Despite Everton's superiority it felt like anyone's game going into the final 10 minutes because Cardiff were growing in confidence and were increasingly looking to catch the Blues out on the break. They almost silenced Goodison completely when John Stones elected to let the ball bounce past him and he was robbed by Zaha, but the young defender atoned for the slip by blocking the winger's shot.
With time running out and Everton still struggling for ryhthm and incisiveness, Martinez played his last card in the form of Ross Barkley who came on for Osman with eight minutes to go and, after going close with a header off a corner – unsuprisingly it was blocked on its way to goal – he was part of the spell of intense pressure that the home side built in the last few minutes that produced the goal.
Almost dispossessed 10 yards outside the Cardiff box, the 20 year-old kept a move alive by feeding it wide left to McGeady who, as he had done frequently since coming on, terrorised his marker with quick feet and flitted to the byline before crossing deep to the back post. Barry was there to head it back into the danger zone where Coleman shaped to crash a half-volley home but sliced his shot and the ball seemed to arc in slow motion into the empty side of Marshall's goal before nestling in the net. 2-1 and bedlam in the stands as the Irishman was mobbed by his teammates. Is there anything better in football than a last-minute winner?
The goal secured three more points, preserved Everton's record of having followed up every defeat this season with a victory, and moved the Blues back into sixth place, two points behind Tottenham who have played a game more. The win felt a little fortuitous in light of that disappointing second-half showing but Martinez's side certainly did enough over the course of the game to have deserved it.
More than securing the points, Coleman's strike keeps morale high and will help create momentum should Everton follow this up with victory over Swansea next weekend. You feel as though a lot of the optimism from this first season under the new manager would have been sucked out by another frustrating draw and the post-mortem would have been dominated by Martinez's substitutions. Removing both Mirallas and Deulofeu seemed initally to be counter-intuitive, Barkley's introduction felt like it came too late, but the manager will stand by his longer-term view which has the remaining 10 games, and the need for player rotation, in mind.
He will feel vindicated by McGeady, though. The Irish international has flattered to deceive so far since his arrival from the Russian league but, like Deulofeu, clearly needs enough time on the pitch in any given game in which to work his magic. Today, his end-product was a lot more consistent than it has been in prior appearances and he seemed more able than was Deulofeu to find room under the attentions of two or three red shirts to work crosses into the box. His display today bodes well for the future and gives Martinez another unpredictable option to throw at opposition defences.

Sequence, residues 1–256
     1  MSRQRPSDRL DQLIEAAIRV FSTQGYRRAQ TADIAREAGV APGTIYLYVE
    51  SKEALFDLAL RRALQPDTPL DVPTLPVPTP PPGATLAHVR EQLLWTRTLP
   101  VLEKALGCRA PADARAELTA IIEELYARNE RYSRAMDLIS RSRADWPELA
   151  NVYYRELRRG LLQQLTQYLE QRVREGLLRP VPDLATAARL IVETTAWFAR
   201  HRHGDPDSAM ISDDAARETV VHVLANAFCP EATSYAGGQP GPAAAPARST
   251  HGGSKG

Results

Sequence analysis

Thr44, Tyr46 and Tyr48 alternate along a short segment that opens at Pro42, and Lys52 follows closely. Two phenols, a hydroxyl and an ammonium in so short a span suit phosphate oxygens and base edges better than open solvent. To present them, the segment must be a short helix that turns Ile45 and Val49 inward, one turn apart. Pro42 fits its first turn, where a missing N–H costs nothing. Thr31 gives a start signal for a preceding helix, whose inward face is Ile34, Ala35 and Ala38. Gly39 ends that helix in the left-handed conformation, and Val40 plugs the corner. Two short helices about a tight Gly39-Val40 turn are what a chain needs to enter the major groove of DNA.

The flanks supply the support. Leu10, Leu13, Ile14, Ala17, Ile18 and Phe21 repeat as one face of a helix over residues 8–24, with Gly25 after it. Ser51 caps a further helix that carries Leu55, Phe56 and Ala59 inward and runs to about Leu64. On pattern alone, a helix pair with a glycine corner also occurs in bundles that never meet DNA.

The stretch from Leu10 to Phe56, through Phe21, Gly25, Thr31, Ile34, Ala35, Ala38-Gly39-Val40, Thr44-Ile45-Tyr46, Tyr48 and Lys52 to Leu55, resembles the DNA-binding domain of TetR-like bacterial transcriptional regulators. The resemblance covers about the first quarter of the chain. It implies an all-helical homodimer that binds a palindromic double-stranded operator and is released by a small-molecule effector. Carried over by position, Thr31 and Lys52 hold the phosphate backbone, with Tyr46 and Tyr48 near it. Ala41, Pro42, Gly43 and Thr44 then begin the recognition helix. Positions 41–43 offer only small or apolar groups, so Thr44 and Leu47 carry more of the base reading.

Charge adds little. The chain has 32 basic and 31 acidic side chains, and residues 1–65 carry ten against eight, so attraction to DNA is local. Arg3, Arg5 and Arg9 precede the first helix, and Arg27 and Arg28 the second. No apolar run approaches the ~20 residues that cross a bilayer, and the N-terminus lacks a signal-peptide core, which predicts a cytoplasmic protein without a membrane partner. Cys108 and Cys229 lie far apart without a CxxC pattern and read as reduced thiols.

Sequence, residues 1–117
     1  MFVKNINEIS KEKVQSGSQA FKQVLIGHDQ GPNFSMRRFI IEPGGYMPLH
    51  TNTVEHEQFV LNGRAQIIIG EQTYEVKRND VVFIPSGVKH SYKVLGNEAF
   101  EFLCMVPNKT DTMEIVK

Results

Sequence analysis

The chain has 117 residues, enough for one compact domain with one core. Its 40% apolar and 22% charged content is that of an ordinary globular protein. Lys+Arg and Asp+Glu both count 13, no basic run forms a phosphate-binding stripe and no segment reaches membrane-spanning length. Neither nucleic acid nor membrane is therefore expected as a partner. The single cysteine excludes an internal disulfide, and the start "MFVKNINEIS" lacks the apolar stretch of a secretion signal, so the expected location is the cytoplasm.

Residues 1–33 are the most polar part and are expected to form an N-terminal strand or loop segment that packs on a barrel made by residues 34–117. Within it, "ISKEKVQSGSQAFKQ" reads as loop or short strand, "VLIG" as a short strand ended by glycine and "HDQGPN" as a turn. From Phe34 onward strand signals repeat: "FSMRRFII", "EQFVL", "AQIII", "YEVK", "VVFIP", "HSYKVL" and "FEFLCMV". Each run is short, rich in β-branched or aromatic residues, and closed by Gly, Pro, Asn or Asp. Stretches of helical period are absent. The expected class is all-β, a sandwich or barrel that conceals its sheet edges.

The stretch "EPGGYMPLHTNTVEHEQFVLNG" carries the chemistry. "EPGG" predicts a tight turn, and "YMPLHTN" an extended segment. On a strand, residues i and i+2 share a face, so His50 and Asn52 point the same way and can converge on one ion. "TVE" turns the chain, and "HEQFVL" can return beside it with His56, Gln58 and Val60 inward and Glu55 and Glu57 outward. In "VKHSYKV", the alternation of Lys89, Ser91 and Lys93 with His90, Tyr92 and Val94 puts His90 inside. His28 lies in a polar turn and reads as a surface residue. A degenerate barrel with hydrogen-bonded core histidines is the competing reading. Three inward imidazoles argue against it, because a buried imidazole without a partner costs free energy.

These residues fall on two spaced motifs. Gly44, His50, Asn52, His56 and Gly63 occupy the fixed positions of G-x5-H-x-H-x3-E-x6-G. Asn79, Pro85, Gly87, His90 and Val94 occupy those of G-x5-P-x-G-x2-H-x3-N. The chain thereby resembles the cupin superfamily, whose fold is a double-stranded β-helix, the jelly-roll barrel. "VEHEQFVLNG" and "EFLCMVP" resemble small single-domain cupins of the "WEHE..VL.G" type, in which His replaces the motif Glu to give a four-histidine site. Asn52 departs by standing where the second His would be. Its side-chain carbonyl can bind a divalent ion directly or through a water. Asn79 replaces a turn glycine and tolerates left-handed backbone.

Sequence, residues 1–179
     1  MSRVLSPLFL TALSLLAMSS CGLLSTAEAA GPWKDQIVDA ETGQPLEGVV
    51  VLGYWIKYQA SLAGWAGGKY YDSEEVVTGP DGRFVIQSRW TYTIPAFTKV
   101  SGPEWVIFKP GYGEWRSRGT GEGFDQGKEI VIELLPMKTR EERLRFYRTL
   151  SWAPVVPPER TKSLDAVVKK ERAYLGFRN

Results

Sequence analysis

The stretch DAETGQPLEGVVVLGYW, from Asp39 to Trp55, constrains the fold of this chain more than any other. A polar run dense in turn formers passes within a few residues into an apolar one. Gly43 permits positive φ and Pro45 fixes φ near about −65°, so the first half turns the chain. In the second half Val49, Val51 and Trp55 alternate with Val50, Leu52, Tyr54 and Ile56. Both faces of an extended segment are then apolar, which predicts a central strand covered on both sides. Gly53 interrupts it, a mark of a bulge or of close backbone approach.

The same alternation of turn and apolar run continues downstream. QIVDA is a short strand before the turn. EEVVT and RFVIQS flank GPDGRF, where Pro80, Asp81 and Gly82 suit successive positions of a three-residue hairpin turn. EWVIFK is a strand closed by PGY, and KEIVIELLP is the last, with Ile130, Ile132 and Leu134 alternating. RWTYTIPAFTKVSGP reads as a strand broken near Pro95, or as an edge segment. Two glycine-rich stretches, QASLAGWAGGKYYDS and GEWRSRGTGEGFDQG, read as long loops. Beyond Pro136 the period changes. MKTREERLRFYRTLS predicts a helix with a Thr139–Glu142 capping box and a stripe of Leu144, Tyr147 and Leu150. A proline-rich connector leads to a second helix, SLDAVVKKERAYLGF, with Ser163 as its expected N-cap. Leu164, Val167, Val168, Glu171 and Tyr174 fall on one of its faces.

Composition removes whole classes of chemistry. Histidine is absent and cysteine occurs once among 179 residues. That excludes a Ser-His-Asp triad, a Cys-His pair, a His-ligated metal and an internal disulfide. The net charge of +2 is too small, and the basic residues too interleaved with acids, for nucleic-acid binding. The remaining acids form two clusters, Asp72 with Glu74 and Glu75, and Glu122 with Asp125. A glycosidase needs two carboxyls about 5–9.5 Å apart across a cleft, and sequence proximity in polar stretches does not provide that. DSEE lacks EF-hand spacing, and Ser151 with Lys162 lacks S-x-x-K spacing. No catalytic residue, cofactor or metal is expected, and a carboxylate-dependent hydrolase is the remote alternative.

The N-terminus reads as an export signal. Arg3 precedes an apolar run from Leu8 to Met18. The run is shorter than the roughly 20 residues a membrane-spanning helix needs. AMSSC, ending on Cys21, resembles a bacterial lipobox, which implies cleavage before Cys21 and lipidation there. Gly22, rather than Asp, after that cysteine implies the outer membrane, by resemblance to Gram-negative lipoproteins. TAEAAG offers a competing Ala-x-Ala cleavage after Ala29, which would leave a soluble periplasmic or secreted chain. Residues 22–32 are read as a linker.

The top four, eight points away with Arsenal still to play tomorrow, remains an unlikely dream but anything can happen in the run-in so the mantra remains: just keep on winning.
With the road to Wembley leading to a dead end for the second season running, Everton's focus returns fully to the Premier League this weekend for the visit of Cardiff City, the first of two successive home games against the clubs from South Wales.
Having slipped back into seventh place last weekend as Manchester United took advantage of their FA Cup duty, it's a chance for the Blues to establish some momentum following four defeats in their last eight matches in all competitions. European quailfication is now the goal for Roberto Martinez's side and rediscovering some consistency is going to be key to achieving it.
They meet a Cardiff side still very much in the midsts of a relegation dogfight and trying to find its feet under the fledgeling tenure of Ole Gunnar Solskjaer. They come into this weekend sitting in the drop zone, four points off the bottom, having won just two of their 10 League games since turn of the year.
If there have been a couple of silver linings to their recent form they would be last weekend's 3-1 victory over Fulham and the fact that they ran Tottenham very close at White Hart Lane the week before but they come to Goodison Park hoping to escape with a point.
Though Everton will start as favourites, if this season has demonstrated anything it's that nothing comes easily, particularly to Roberto Martinez's side when they're not scoring goals. The reverse fixture between these two sides was a case in point – though the Blues would surely have won that contest had they been awarded a stonewall penalty for Gary Medel's clear foul on Leighton Baines – and while they've come a long way since those tentative draws that began the campaign, Everton continue to battle carve out enough clear-cut chances.
That was the situation against West Ham United in the last Premier League game at Goodison Park a fortnight ago but there's no doubt that a repeat of that 1-0 scoreline would surely go down just fine among supporters and players alike. Points are what matter now as the Blues bid to finish as high as possible.
Martinez said in the week that he would continue to monitor the progress of Phil Jagielka and Steven Pienaar after the former missed a second successive game last Saturday with a hamstring injury and the South African left the Emirates pitch with an unspecified injury of his own.
It's possible – even likely, perhaps – that he won't risk either player this weekend and that would probably mean another outing and learning opportunity for John Stones alongside Sylvain Distin at the back and, perhaps, a start for Leon Osman or Aiden McGeady in place of Pienaar on the left side of midfield.
The fact that Gerard Deulofeu started the West Ham game might suggest he will again get the nod of Kevin Mirallas on the other side of midfield, while Ross Barkley certainly made his case for inclusion from the start with his performance against Arsenal last weekend. In goal, Tim Howard is due to return after sitting out the Cup defeat in favour of Joel Robles.
With Martinez still refusing to rule out Champions League qualification and will continue to do so while it is mathematically possible, every game becomes akin to a cup final where the three points are paramount. This will not be an easy task, though, and Cardiff are likely to defend deep and pack men behind the ball in an attempt to frustrate Everton into a pattern of unproductive dominance of possession.
If the Blues can cut loose and rack up some goals, though, it would go a long way to lifting morale on the pitch and in the stands, building confidedence for the final straight of 10 games that could yet define Martinez's first season in charge.
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* Everton deducted 6 points for PSR breachView full table